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The Tufts Daily
Where you read it first | Tuesday, October 3, 2023

Tufts lifts some COVID-19 restrictions, others remain in place

A sign announcing the closure of Tufts Athletics fields due to social distancing guidelines is pictured on a fence near the Ellis Oval/Zimman Field on April 25.

The Tufts community received an email on Feb. 18 informing students and staff that certain COVID-19 restrictions on Tufts’ campuses will be relaxed. Some restrictions, including those concerning fitness center use, dining services, student organization meetings and the stay-at-home order, were lifted. However, other restrictions, such as the 10-person gathering limit and testing frequency, will remain in place. 

Michael Jordan, university infection control health director, said the number of cases has declined at Tufts since arrival quarantine and in Massachusetts in general, which led the university to make the decision to relax certain restrictions. In an email to the Daily, Jordan shared that Tufts considers the condition of the state as well as the Medford and Somerville communities when making decisions about on-campus COVID-19 guidelines

“We closely and continuously monitor the number of positive cases in the state and our host communities and factor this data, as well as numerous other data points, into our decision making,” Jordan said. “Depending on the data, we will ease or tighten restrictions as necessary as we have done throughout the pandemic.”

Jordan said that in addition to the number of cases, the university also takes into account the number of secondary contacts who contract COVID-19 through exposure to infected individuals when evaluating whether restrictions can be safely lifted. 

According to the Daily’sCOVID-19 dashboard, Tufts recorded four new cases on Feb. 21, which is down from a peak of 21 new cases on Jan. 25. Average new cases per day, however, have risen over the past week. 

The email sent to the community explained the details of the new guidelines. The fitness center reopened, but club, intramural and varsity sports remain on pause for the time being. 

As of Feb. 21, students are allowed to make in-person reservations at Carmichael Dining Center and Dewick-MacPhie Dining Center. Prior to this change, students had been limited to ordering on the Mobile Order application and picking up pre-packaged food when they received a notification that their food was ready. Although all food is still packaged in to-go containers, students may now walk through and order from the various stations, and the dining centers allow in-person dining at 25% capacity

Gov. Charlie Bakerlifted Massachusetts’ overnight stay-at-home order on Jan. 25, which required residents to remain in their homes from 10 p.m. to 5 a.m. and had been in place sinceNovember. Tufts had been enforcing the same curfew since that time, but due to the continuing downward trend in cases, has lifted it as well. 

The email noted that despite the decrease in the number of cases, all events and gatherings of any kind are still limited to 10 people.Tufts’ travel policy implemented this fall remains in effect and the COVID-19 surveillance testing protocol will remain as it was, with all undergraduates in the Schools of Arts and Sciences and Engineering studying in person and all graduate students in the Schools of Arts and Sciences and Engineering living in Tufts-owned housing and playing on varsity teams being tested every other day.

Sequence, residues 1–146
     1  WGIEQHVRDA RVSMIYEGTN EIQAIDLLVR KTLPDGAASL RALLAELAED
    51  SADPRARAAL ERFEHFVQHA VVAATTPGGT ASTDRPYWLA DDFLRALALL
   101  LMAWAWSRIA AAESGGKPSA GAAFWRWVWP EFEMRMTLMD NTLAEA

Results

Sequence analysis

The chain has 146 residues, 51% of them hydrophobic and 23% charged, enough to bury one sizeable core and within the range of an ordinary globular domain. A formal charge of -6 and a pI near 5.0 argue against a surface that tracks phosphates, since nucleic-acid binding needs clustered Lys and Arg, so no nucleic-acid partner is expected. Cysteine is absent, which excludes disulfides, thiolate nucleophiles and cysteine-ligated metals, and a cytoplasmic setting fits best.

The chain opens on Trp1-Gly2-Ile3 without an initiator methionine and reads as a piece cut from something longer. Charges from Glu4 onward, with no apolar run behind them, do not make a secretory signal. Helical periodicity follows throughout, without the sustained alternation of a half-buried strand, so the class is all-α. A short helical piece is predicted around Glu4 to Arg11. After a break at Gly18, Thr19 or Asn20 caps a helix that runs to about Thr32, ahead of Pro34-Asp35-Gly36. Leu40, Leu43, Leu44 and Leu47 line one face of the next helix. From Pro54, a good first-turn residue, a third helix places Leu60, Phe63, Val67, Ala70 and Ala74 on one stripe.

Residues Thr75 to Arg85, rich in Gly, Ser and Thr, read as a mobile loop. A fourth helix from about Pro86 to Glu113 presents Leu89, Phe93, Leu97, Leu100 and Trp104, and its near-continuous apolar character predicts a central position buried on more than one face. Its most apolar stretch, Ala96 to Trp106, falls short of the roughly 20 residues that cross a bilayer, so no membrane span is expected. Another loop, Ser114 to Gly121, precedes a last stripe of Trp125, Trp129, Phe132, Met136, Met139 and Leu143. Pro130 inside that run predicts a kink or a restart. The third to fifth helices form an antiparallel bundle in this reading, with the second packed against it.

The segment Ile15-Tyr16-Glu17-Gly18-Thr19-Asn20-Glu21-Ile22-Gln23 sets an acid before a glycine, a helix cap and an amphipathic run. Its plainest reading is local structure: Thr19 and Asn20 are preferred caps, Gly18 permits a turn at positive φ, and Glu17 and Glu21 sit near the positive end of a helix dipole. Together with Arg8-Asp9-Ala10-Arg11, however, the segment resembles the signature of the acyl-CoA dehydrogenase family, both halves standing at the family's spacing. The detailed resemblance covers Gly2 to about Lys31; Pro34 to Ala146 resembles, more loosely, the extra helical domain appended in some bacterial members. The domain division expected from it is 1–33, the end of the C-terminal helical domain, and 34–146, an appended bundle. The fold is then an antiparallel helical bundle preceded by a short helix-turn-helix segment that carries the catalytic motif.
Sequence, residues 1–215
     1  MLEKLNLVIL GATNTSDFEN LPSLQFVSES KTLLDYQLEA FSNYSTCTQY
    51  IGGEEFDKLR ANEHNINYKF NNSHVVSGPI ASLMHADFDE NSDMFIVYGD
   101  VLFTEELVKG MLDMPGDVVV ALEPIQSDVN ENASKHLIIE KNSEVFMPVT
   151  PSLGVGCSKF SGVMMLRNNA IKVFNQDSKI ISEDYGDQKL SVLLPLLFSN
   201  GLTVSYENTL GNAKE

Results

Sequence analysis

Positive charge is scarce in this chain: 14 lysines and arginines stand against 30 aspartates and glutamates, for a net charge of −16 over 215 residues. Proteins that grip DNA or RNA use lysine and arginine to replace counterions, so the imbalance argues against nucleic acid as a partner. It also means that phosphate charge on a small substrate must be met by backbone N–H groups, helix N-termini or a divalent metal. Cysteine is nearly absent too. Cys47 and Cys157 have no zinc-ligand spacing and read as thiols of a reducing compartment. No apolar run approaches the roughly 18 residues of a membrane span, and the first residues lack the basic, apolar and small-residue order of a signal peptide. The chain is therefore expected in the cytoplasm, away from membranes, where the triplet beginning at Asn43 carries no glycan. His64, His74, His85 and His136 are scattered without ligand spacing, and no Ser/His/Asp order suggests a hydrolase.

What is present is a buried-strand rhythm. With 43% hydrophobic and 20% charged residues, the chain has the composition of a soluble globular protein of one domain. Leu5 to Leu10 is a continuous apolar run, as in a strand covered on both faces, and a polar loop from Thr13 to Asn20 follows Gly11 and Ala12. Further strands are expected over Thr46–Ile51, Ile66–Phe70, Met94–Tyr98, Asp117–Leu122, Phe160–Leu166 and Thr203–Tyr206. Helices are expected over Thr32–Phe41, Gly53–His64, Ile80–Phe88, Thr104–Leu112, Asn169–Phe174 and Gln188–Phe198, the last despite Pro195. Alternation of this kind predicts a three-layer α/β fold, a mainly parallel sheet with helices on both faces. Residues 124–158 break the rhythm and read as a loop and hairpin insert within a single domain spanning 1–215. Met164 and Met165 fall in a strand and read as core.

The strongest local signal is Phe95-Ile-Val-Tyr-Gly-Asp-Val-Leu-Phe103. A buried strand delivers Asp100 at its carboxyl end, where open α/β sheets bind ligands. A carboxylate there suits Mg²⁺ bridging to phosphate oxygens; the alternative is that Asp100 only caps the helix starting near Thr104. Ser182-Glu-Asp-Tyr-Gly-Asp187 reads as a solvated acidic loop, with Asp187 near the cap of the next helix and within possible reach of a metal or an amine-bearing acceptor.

Jordan said that despite these relaxed guidelines, the residential campus status level remains at “Yellow Plus” as it was at the start of the spring semester. 

“We have not officially changed status to Yellow; however, we are moving in this direction,” Jordan said. “When and if it becomes safe to decrease the frequency of COVID testing that we did in the fall, we will do so. This will move us to Yellow.” 

Joe Golia, director for campus life, wrote in an email to the Daily that student organizations are now able to operate in the same manner as they did at the beginning of the fall semester. Golia said he hopes organizations appreciate the change.

"Not much change for student organizations from where they were but … hopefully [this] will help some groups," Golia said.

The details of the updated student organization guidelines were sent in an email addressed to student organization leaders on Feb. 18 in which certain restrictions for student groups and organizations were lifted beginning Feb. 22. Among these relaxations, up to 10 people are allowed to meet in person for organization meetings and use on-campus spaces provided that capacity and physical distancing guidelines are followed.

The Office for Campus Life’s student organization guidelines state that student groups may offer hybrid events that require pre-registration for picking up supplies in person. In addition, grab-n-go events are permitted in any campus event space that allows for physical distancing. Information on the OCL website concerning restrictions on student organizations will continue to be updated as changes are made, the website says.

Jordan stressed that it is still vital to continue wearing masks, practicing physical distancing and adhering to the COVID-19 testing protocols, stating that restrictions may be reimposed if the data once again begin to show concerning trends

“We will closely monitor the number of positive cases at Tufts and in Massachusetts, and continue to track the potential emergence of variants within the state,” Jordan said. “An increase in the number of cases at Tufts or in the state may require the tightening of restrictions … We cannot let our guard down.”